Lord McIntosh of Haringey

My Lords, has anyone ever accused me of being combative? I am no such thing. I am on the side of the people and of local communities. I am on the side of those who would say that situations might develop in local communities which make it desirable for the licensing policy of the local authority to be subject to variation. What happens? The Opposition parties and the noble Lord, Lord Hodgson, say, "Oh, well, it will be fie years before we get around to reviewing our licensing policy. Indeed, we're not allowed to review it in less than five years from now. You'll just have to wait until that time". That is not a plausible point of view and it does not fit in with any of the fine words which have been used in discussing the previous amendment.

Amendment No. 32 would remove the fire authority from the list of those who are required to be consulted. In Committee, the noble Lord, Lord Hodgson, said of the fire authority that its specialist expertise it public safety in regard to a building is vital. He referred to a building rather than to a policy, but there is a positive as well as a negative aspect to this. The fire authority can say "No" to provisions in a building, but surely it should have the opportunity of saying "Yes" to a positive policy which is in favour of fire prevention. In the week after Rhode Island, we should be particularly concerned to do that.

Excluding the fire authority is bad for the industry. The system is designed to be collaborative rather than adversarial. The policy is a useful tool to industry in developing applications because it allows the fire authority to state its priorities and give an indication of the issues to which it would pay attention while assessing applications. Surely, that is to the benefit of the industry rather than to the disbenefit.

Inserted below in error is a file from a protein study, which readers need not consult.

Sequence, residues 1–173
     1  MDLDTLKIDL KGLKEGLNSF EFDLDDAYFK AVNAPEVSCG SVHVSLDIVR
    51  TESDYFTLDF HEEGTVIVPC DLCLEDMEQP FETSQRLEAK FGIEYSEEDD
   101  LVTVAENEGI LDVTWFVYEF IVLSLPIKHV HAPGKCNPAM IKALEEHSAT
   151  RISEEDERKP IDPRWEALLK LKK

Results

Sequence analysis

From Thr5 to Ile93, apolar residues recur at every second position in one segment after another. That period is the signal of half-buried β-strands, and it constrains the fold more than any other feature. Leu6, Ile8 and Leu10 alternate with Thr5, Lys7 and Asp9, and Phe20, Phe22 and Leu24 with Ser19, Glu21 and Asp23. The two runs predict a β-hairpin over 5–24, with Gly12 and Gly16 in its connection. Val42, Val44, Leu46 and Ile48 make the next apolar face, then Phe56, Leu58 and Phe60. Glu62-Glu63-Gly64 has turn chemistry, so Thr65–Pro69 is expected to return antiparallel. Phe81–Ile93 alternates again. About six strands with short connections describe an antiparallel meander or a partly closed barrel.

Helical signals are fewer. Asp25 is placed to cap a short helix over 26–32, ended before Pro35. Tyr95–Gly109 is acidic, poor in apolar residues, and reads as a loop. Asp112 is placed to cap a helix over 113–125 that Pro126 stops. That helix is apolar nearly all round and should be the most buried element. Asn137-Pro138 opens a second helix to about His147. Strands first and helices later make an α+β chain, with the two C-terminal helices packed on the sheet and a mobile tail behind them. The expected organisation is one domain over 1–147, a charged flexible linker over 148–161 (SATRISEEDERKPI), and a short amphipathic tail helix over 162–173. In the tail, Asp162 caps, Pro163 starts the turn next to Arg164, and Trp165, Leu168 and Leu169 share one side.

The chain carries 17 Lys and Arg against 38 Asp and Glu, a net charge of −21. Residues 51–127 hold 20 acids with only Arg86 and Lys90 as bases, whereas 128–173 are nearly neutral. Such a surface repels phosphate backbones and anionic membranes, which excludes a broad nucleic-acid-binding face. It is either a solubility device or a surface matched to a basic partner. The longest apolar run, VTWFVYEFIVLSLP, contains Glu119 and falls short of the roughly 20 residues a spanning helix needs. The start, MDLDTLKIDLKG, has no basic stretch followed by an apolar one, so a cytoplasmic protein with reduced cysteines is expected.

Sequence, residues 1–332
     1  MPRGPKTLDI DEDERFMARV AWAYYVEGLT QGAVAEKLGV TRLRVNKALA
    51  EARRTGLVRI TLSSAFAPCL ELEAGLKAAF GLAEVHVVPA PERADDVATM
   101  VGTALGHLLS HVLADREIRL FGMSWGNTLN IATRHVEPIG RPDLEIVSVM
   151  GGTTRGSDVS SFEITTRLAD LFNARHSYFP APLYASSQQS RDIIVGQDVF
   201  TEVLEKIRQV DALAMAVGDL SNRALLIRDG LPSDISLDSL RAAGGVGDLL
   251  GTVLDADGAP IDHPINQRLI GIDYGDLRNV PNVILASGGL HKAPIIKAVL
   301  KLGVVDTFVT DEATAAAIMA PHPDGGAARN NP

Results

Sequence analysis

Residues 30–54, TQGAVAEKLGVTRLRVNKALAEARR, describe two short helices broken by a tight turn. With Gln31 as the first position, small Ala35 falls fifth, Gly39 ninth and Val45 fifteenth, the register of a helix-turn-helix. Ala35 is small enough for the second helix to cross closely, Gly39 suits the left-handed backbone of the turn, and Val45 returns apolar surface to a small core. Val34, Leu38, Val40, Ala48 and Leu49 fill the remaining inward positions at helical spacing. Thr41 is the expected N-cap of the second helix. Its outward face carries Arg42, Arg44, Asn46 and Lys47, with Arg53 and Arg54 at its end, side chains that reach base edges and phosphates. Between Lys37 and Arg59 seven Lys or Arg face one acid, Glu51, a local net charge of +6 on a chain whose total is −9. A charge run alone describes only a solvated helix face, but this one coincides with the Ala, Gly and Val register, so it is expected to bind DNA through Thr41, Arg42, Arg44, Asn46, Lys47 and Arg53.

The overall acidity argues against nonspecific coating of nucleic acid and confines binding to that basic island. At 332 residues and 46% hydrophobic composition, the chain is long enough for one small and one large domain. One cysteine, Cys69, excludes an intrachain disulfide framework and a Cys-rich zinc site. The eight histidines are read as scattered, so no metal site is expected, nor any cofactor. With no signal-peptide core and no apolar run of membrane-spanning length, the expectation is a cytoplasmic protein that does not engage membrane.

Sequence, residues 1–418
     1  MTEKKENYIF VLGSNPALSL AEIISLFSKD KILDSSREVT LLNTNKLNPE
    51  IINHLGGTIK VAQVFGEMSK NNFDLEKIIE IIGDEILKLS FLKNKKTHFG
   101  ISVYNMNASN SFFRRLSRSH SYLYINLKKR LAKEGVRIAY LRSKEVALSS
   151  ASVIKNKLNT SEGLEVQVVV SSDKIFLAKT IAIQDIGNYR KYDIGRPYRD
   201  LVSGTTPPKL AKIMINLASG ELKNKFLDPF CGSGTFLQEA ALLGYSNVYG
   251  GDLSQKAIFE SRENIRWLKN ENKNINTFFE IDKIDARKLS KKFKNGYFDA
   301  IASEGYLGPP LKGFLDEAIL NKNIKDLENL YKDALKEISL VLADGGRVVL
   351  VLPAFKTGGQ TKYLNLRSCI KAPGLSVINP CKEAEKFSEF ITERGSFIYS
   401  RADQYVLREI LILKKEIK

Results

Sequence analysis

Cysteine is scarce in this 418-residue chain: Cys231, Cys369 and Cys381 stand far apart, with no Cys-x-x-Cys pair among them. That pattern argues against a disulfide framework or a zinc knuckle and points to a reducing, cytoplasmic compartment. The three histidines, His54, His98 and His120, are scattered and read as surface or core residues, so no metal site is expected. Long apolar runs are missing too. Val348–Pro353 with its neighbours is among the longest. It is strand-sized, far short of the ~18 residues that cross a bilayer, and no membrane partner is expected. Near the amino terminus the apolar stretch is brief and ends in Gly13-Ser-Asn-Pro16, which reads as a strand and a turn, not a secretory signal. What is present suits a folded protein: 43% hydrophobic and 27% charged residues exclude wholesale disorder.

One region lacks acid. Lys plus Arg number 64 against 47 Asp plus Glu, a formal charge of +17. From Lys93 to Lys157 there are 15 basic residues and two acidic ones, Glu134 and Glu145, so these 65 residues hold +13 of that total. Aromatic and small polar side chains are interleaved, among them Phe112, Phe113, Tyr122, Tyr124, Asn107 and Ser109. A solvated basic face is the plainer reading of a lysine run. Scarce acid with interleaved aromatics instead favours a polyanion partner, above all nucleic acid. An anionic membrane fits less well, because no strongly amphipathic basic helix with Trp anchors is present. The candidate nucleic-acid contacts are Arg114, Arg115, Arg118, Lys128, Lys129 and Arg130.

Amendment No. 36 requires the licensing authority to publish details of those consulted on the licensing policy. That is exactly what we shall do in the regulations. It is not appropriate for that to be on the face of the Bill, but, clearly, the intention behind Amendment No. 36 is admirable.

Lord Hodgson of Astley Abbotts

My Lords, after that combative or non-combative effort, the noble Lord, Lord McIntosh, may say that he is on the side of the people but he is actually on the side of regulation, red tape, bureaucracy and centralised control, as evidenced by the Bill. It carries a degree of centralisation so far unparalleled. I will be combative, too, and test the opinion of the House on this amendment.

9.38 p.m.

On Question, Whether the said amendment (No. 31) shall be agreed to?

Their Lordships divided: Contents, 16; Not-Contents, 56.

Division No. 5
Attlee,E. Harris of Peckham, L.
Blatch,B. Hodgson of Astley Abbotts, L [Teller]
Bridgeman, V. Luke,L.
Brooke of Sutton Mandeville, L. [Teller] Marlesford, L.
Buscombe, B. Montrose, D.
Cope of Berkeley, L. Northesk, E.
Craigavon, V. O'Cathain, B.
Fookes, B. Shrewsbury, E.
Addington, L. Jones, L.
Andrews, B. Judd, L.
Barker, B. Layard, L.
Bassam of Brighton, L. Macdonald of Tradeston, L.
Blackstone, B. McIntosh of Haringey, L. [Teller]